Since the enactment of the 2011 Food Safety Modernization Act (FSMA), the focus of federal regulators has shifted from a reactive response to the proactive prevention of food contamination. Included in FSMA’s requirements is the need for every covered facility to have and maintain a food safety plan and the introduction of a Preventive Controls Qualified Individual (PCQI) to manage the plan. A covered facility, with few exceptions, is any facility that manufactures, processes, packs, or holds food for human consumption in the United States and is therefore required to register with the FDA under section 415 of the Food, Drug & Cosmetic Act.
Companies choosing not to utilize a PCQI face regulatory action including fines and the issuance of a 483 form detailing the FDA’s findings that constitute violations of FDA regulations. A food safety plan created by an individual who hasn’t taken the appropriate curriculum or otherwise fulfilled the PCQI knowledge requirements, will in most cases not comply with the Preventive Controls for Human Food rule.
What is a PCQI? How does it differ from a HACCP professional? Does your facility need them, and if so, where should you start? Let’s explore these important questions.
What is a PCQI?
A Preventive Controls Qualified Individual(PCQI) is one who has successfully completed an FDA-approved training program for Preventive Controls for Human Food focused on the development and application of risk-based preventive controls, or who is otherwise qualified through work experience.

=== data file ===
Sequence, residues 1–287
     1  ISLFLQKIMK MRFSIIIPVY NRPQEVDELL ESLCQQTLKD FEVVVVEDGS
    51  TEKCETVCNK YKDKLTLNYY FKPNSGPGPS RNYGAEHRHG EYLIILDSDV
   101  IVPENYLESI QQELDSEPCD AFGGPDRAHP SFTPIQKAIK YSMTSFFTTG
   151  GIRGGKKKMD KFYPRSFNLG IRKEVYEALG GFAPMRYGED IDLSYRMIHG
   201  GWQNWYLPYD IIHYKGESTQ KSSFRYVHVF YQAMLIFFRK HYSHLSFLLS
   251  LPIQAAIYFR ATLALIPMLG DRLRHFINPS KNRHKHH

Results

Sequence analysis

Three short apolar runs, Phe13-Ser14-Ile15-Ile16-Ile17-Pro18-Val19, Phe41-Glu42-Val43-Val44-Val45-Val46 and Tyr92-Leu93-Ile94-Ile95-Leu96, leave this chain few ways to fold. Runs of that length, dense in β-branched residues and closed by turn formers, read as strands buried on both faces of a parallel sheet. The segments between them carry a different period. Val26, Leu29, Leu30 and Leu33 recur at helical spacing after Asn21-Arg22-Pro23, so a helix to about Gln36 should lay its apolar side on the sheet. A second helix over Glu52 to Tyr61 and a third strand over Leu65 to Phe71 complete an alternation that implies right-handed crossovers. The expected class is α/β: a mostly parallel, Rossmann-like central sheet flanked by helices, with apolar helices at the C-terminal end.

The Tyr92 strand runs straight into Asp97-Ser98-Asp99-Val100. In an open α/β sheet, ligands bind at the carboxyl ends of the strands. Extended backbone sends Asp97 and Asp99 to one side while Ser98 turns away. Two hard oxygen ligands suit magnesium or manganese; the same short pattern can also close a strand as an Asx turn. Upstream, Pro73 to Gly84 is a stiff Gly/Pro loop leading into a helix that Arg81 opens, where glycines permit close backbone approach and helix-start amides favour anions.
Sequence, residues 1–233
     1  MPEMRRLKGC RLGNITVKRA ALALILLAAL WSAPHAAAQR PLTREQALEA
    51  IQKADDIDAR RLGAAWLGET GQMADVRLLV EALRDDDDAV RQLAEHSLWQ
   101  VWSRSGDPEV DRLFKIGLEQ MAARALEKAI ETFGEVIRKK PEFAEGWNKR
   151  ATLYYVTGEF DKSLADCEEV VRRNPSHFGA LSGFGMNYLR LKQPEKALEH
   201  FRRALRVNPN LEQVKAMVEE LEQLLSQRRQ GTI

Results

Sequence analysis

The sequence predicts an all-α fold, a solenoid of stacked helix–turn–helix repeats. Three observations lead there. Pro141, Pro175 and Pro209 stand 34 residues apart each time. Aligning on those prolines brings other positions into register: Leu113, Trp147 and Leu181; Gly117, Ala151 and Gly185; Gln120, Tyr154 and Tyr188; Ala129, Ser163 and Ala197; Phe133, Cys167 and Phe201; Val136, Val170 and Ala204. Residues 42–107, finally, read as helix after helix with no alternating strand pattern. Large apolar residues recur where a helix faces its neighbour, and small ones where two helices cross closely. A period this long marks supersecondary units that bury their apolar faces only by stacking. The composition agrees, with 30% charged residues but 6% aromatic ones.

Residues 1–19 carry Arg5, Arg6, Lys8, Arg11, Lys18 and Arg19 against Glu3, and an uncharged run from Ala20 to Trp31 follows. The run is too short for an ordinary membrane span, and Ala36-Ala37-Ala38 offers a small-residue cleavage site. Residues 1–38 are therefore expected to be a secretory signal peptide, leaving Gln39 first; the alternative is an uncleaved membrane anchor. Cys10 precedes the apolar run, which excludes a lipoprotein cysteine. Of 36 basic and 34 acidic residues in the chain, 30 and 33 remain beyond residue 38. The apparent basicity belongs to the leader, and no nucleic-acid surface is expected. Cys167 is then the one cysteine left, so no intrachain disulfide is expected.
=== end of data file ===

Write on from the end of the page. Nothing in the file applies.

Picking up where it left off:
The following activities must be performed by an individual with PCQI certification:
- Creating and managing a FSMA-compliant food safety plan
- Validation of preventive controls ensuring they are implemented and effective
- Reviewing records and reanalysis of the food safety plan periodically to ensure its efficacy
During FSMA-based FDA inspections, the FDA ensures one or more individuals with PCQI certification are associated with each covered facility. A quick review of the company’s food safety plan, validation, and reanalysis will reveal this.
Does My Company Need a PCQI?
The vast majority of companies require the use of a PCQI and this individual may be a company employee or a third-party. Each facility required to register with the FDA that manufactures, processes, packs, or holds human food must use at least one PCQI for activities required under 21 CFR Part 117 Current Good Manufacturing Practice, Hazard Analysis, and Risk-Based Preventive Controls for Human Food. A food safety plan created by an individual lacking PCQI certification will not only open the company up to regulatory actions and fines, but will likely miss the critical food safety elements and mitigation techniques detailed in the curriculum.
Farms and retail food operations are exempt from the rule and do not require the use of a PCQI. A few other exemptions exist for small facilities and certain food products such as juice and alcohol. Check out 21 CFR 117 Subpart A for further details on exemptions.
What’s the difference between HACCP, HARPC and PCHF?
Advance Your Career With PCQI Certification
How Avert Can Help
Matthew McClure provides sound strategies that instill cost-effective methods for building robust food safety, operational and quality assurance programs. Along with a Bachelor of Applied Science in Microbiology from The University of Akron and an MBA in Finance from Louisiana State University, Matthew brings over 20 years of experience in the food safety industry to AVERT Food Safety Advisors. His knowledge spans many areas including FDA food processing facilities, USDA meat and poultry plants, dietary supplement manufacturers, retail, cannabis manufacturing, and food service operations.
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